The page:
Tattoo Traditions in Myanmar
by Ma Thanegi
In ancient days a young man’s courage is declared for all to see when he tucks up his pasoe (waist garment) into shorts, bringing the front between his legs to tuck up the edge at his waist on the back. Worn this way for work in the fields or for playing the Chinlon cane ball game, the slightly low waist would show the upper edge of his tattoos circling his torso. From waist to knee the thick patterns of a figure set in an oval continued. It would have been a painful process but well worth the suffering for he could, as long as he live, give proof of his prowess.
Apart from this waist to knee style individual runes are tattooed on chest, shoulders, shoulder blades, thighs, arms, wrist, on the head (where re-growth of hair would hide it), the back of the hand or fingers and for extreme forms of protection, on the tongue. In the old days thieves or murderers were tattooed with the names of the respective crimes on their foreheads and the king’s army had soldiers with symbols tattooed on the back of the neck to identity the troop they belonged to.
The tattoo master who is also a medicine man would travel the country. Before proceeding with his work he would need to fast and say prayers for a few days. An auspicious date and time is chosen and the men are taken to a newly constructed open hall of bamboo, some distance away from the village. The ground would be covered with pure sand and the walls screened with white sheets. A ritual of offering food, betel and flowers to the spirits ensures that the ‘medicine’ and ‘magic’ of the runes would work.
In a tent or hall a few yards away the sweethearts of the men would play music and sing encouraging songs. The fact that their women are sitting within hearing distance would ensure that the braves do not scream too loudly.
The Four Elements: Earth, Wind, Water, Fire
First, blocks of patterns are dipped in ink and then pressed to the flesh, over which the master will prick the skin with a bronze needle with up to 16 sharp and tiny points at the tip although two or three points are normally used. The complete hollow needle can be unscrewed into three parts: the middle which is the handle, the needle and the balancing top part which is often in the form of a celestial or an ogre, depending on the ‘magic’ of the rune. Some runes are about devotion to Buddha and his teachings and others are about charming other people, achieving fortunes or power, or for protection.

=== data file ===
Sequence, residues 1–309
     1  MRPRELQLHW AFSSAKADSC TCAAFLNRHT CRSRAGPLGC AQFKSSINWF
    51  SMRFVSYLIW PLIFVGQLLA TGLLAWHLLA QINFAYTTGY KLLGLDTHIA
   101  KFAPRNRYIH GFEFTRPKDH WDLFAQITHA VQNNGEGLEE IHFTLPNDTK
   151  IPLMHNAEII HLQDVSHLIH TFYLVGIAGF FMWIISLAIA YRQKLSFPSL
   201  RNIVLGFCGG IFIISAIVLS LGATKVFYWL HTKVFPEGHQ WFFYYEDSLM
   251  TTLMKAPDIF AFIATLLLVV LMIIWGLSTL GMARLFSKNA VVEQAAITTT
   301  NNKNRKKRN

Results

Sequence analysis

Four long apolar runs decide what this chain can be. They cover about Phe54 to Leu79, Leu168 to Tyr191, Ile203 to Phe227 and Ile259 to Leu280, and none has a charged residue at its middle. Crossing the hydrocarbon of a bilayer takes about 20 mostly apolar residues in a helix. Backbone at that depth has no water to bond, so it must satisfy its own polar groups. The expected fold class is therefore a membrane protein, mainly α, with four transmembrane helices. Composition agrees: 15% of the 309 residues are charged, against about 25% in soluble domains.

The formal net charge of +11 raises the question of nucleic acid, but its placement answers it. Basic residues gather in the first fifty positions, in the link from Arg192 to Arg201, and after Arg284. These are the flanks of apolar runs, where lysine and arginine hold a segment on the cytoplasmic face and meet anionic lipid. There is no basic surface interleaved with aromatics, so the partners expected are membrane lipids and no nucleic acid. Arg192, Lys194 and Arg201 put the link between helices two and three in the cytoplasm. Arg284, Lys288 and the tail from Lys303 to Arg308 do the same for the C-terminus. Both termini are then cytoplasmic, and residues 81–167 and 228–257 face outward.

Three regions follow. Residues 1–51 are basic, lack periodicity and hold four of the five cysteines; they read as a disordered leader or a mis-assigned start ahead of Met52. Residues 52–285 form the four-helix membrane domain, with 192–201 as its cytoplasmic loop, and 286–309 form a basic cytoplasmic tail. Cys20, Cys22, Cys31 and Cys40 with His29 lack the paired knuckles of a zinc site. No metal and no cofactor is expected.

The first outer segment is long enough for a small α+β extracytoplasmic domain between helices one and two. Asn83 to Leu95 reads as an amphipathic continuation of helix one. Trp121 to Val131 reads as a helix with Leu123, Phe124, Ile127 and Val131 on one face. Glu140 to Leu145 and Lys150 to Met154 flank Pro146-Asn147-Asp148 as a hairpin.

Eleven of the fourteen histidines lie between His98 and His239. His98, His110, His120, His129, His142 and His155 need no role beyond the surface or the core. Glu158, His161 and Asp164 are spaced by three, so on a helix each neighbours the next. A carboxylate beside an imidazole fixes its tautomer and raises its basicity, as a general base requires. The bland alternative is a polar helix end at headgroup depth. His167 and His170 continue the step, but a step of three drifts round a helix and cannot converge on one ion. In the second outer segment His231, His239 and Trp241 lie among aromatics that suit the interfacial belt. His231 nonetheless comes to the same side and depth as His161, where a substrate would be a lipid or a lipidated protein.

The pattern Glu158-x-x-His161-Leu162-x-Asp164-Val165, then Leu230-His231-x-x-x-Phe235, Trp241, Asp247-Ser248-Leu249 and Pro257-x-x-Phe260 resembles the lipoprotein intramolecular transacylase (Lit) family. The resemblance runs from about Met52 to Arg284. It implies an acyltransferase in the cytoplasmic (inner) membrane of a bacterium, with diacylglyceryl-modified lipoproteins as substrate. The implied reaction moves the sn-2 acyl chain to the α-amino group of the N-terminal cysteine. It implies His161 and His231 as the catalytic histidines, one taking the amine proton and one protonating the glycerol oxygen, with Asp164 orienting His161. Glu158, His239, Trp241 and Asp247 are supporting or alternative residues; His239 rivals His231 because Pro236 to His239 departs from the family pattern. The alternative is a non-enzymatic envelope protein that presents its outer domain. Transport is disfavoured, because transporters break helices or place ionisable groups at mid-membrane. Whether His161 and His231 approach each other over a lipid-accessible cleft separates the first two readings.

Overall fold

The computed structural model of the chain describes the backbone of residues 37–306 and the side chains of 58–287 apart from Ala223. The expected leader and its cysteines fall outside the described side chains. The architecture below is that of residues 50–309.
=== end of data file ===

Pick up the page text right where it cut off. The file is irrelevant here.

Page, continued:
Some men are such ardent believers in the power of runes that after a certain rune has been tattooed on him he would avoid, on the practitioner’s advice, eating certain foods or going to certain places that are deemed ‘lowly’ such as cemeteries so that the rune would not ‘turn against him’. This strong belief has sometimes enabled alcoholics to give up drink after the completion of a tattoo.
Cat figures are usually tattooed on the thighs and believed to make the man able to jump like one while a tiger motif gives power. Some designs goes beyond giving protection as they are supposed to actually stop a bullet from hitting the person, not that it really worked. Such runes began popular when rifles were first brought in by the British army in the first Anglo Burman War of 1824 and the battle field must have been littered with tattooed corpses of the fallen soldiers. An early sect of animist priests around the 8th century practised martial arts and also had tattoos. The fact that they could fight without being injured must have somehow become equated with the power of their tattoos and not their martial art skill.
Traditionally only black and red colours were used for tattoos. The inks used are diluted red mercuric sulphide and soot obtained from burning an oil lamp covered with a bowl. Mercuric sulphide is seeped in water over a few days and the water changed often. Then it is steamed for about an hour and only then it is ready to be diluted and used.
For black ink, the soot must be mixed with powdered dry gall bladder of fish or cattle, tied in a cotton cloth and boiled in water in which leaves of the Kyet hin gar (bitter melon) has been simmering. Then the packet is retrieved and dried and the powder mixed again with the much-reduced water, although some medicine men prefer to mix with oil. The paste is formed into a stick and dried again until needed, when it will be ground on a small stone slab with lemon juice or water. The ink is gathered in an ink well made of wood which is usually carved in a special form such as a monkey or tiger according to the specifics of the rune.
Certain runes sometimes call for additional ingredients in the ink such as concentrated water obtained from boiling tubes of rare lilies or animal parts. Immediately after the pattern has been punctured with heavy spikes made of bronze, the pierced areas are dabbed with crushed leaves of Kyet hin gar Padaing (Dutura suaveolens) or Maizeli (cassia siamea) which gives a greenish tinge to the black, a colour much admired in tattoos.
For about a week until the scabs fall off, the pricked skin is washed with water in which gourd leaves or the bark of the plum tree has been boiled or hours. After that, the rune is supposed to work. The power of suggestion can be extremely strong and many a tattoo have given confidence to thousands of men over the ages.